Of course the rather more prosaic truth was that the results of elections, and referendum tell us next to nothing about the character, or otherwise, of a people. Were we geniuses in 1995 with a divorce referendum that saw us bring it over the line by a few thousand, or merely indecisive? Neither, naturally. At that point in time more people, slightly, were persuaded that divorce would not usher in a social catastrophe than weren’t. Or what about the 1968 referendum on PR. One further demonstration of our savvy, or just a basic common sense response to an attempt to tip the playing field in a permanent Fianna Fáil direction. No. Dubious self-congratulatory cant about our peculiar genius as the economy slid ever further into decline didn’t quite cut it.
But to return to Fintan…
[The trickster] embodies the wish-fulfilment of the weak. You can’t shape the world, you can only poke it in the eye. As Robert Darnton has put it: “Tricksterism is a kind of holding operation. It permits the underdog to grasp some marginal advantage by playing on the vanity and stupidity of his superiors. But the trickster works within the system, turning its weak points to his advantage and therefore ultimately confirming it … Tricksterism provided a way of coping with a harsh society instead of a formula for overthrowing it.”
Well, yes and no. Let’s put aside the near-preposterous conflation of a political event, the Lisbon Treaty referendum and this unlikely concept of ‘tricksterism’ that we’re being asked to digest. Assume for one second that tricksterism exists at all in a substantial form… if so it is almost per definition an individual response rather than a collective or societal one, so therefore it seems reasonable to argue that it couldn’t possibly sit at the root of a transformational project. But that’s a big assumption. After all, why not throw in a couple of other supposed Irish traits as well, ones which actually do seem to be reflected in societal or collective responses, such as social conservatism, stolidity, a certain passivity in the face of authority. Each or all of these could be used as a vehicle for ruminations upon the Treat referendum as well. But of course they wouldn’t suit the Carlsberg hook – which leads me in a different direction, while it is true that a certain fecklessness has entered the vocabulary of Irish advertising, one that is unpleasantly sneering and competitive (example A: the Cadbury’s Snack advert with overt bullying in it) I think that tells us more about twenty and thirty something ad execs than some underlying malaise in Irish society. Although, I’ll be the first to admit I may be wrong.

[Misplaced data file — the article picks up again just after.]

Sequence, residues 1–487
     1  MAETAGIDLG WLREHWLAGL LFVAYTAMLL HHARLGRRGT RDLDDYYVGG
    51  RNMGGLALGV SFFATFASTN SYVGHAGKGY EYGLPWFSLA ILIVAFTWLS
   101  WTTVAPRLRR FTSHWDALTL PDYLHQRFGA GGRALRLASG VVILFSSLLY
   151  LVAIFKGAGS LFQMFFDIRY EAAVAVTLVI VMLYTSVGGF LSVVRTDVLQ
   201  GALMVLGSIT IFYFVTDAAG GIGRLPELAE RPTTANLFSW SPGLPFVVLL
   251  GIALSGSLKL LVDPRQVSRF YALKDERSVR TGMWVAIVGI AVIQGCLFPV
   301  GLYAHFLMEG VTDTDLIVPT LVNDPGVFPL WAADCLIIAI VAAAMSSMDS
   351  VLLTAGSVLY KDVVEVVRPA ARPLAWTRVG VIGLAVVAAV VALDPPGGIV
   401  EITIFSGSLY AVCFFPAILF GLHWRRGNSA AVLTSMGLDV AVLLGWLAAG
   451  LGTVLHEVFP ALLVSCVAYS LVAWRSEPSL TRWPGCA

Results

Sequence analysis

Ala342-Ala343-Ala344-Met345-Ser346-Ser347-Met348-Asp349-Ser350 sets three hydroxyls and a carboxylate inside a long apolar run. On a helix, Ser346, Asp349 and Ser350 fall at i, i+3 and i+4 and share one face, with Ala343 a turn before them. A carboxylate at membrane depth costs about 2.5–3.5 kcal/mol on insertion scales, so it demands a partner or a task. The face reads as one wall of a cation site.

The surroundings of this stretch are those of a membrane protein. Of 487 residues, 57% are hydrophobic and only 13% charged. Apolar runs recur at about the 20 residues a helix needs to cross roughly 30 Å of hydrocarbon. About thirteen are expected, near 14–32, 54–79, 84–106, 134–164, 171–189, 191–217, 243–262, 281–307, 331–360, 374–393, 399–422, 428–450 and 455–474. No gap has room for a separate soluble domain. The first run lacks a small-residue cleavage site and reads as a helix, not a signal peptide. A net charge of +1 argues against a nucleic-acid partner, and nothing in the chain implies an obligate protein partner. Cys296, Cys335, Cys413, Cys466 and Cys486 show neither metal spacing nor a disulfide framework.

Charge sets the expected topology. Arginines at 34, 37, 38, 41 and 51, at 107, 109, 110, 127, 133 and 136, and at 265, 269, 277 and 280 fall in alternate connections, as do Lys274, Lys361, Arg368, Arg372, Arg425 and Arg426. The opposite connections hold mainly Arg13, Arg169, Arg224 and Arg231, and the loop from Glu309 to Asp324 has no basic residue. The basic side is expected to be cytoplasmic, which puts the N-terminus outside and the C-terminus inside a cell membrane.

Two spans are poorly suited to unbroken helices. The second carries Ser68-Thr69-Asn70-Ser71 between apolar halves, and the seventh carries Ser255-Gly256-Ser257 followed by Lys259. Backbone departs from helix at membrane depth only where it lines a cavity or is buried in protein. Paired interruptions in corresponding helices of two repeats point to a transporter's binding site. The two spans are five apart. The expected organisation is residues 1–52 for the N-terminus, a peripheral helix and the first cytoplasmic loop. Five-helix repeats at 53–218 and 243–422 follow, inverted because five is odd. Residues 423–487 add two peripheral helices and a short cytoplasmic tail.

And inevitably we move towards apotheosis…
We inherited this trickster mentality from our colonial past, but we’ve had a very hard job leaving it behind.
Did we? Did we indeed? Or could it simply be that in a society of many millions there will be a broad range of human responses none of which can be easily pinned down rather than having to cast back towards contexts which very few of us now have any direct experience of. Which is not to deny the mythic power of the colonial period, but, let’s just say that the experience was probably a lot more mixed in terms of perceptions and indeed acquiescence on the part of a significant portion of the population than the argument O’Toole uses seems to admit.
Culturally, tricksterism has been our great strength – much classic Irish literature is about evading history and weaving a way around the apparent certainties of the English language. But politically, it has been our besetting weakness. It is a mentality that takes weakness and lack of control for granted and sets about dodging a way around them.
We really need a bit more evidence to substantiate this, and certainly more than this minor character trait blown up into an explanation as to why Lisbon was lost. And consider the following… like Waters it dances around the issue rather than tackling it head on. Does O’Toole suggest a clear way through the mess? Does he acknowledge that this is a political and diplomatic problem? He does not. Instead he evades the issue, which is more than ironic considering that this is precisely what he implicitly accuse others of doing by voting No.
This political tricksterism, this art of ducking and diving, of endless evasion, is forgivable in the weak. It expresses a view of the world that has helped to get the oppressed through their miserable days for much of human history. But at what point does a society grow up and realise that it’s not weak anymore? Could we have reached that point now, where we’re actually willing to live with the consequences of the way we’ve voted rather than looking for someone to save us by concocting a phoney plan C?
Or could it be that the column is hooey and that we can look to actual material reasons why people voted Yes and No which depend in no way upon dubious and – arguably – patronising assessments of our national character, like for example a pathetically inept Yes campaign? Sure could!